Spanish money flows into Nova Scotia wind project

NOVA SCOTIA - The largest wind energy project developed by a Nova Scotia company is about to take off in Pictou and Antigonish counties, with the financial backing of a Spanish utility conglomerate.

Company executives with Bedford-based Shear Wind Inc. announced that Inveravante had paid $27 million to purchase 62 per cent controlling interest in Shear Wind.

The Spanish company already has billions of dollars invested in renewable energy projects in Latin America.

Inveravante founder Manuel Jove said he was pleased to expand his company's activities into Canada.

"We're looking for some company with a great portfolio of projects ready to go," Jove said through a translator. "We found Shear Wind."

Shear Wind has been ready to proceed with its Glen Dhu wind project for more than a year, but the credit crisis stalled the project last fall.

"We plan to invest immediately upwards of $180 million in phase one of this Glen Dhu project," said Mike Magnus, president and CEO of Shear Wind. "It will provide 120 construction and on-going maintenance jobs."

The first phase will include erecting 30 turbines in the Barneys River area of Pictou County. Magnus said phase two of the project would involve another investment of approximately $500 million.

If both phases of the project are completed as planned, the Glen Dhu wind farm will include between 75 and 100 turbines spread over 10,000 acres in Pictou and Antigonish counties. That would supply enough electricity for up to 60,000 households.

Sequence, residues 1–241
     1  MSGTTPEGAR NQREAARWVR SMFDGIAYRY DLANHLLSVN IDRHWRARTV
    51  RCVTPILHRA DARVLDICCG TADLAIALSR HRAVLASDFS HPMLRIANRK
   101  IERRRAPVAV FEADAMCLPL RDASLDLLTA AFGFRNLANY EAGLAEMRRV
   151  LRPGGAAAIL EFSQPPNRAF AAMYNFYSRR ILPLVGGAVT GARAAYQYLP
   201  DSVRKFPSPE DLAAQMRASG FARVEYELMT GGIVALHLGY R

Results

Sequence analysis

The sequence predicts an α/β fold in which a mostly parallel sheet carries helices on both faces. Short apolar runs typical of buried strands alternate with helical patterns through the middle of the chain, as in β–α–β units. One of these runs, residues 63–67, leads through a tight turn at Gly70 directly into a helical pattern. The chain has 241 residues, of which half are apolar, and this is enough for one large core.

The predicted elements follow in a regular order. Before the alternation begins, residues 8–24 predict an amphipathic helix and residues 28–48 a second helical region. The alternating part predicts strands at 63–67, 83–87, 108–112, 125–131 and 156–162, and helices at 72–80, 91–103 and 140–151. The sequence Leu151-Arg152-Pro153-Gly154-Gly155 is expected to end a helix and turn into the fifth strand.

Shear Wind has previously won over angry residents by agreeing to relocate several turbines 1.5 kilometres from the closest home.

The company's comeback is also being applauded by Nova Scotia Power, which needs renewable power from Shear Wind and other companies to meet its environmental obligations by 2011.

Robin McAdam, the vice-president of sustainability for Nova Scotia Power, said the utility has noted Inveravante's track record as a successful international developer.

"An aggressive transition to renewable generation is underway here in Nova Scotia and the Glen Dhu project, providing 60 megawatts of nameplate capacity, will be a vital part of that," he said.

"Inveravante and Shear Wind will be an important part of Nova Scotia's green energy future."


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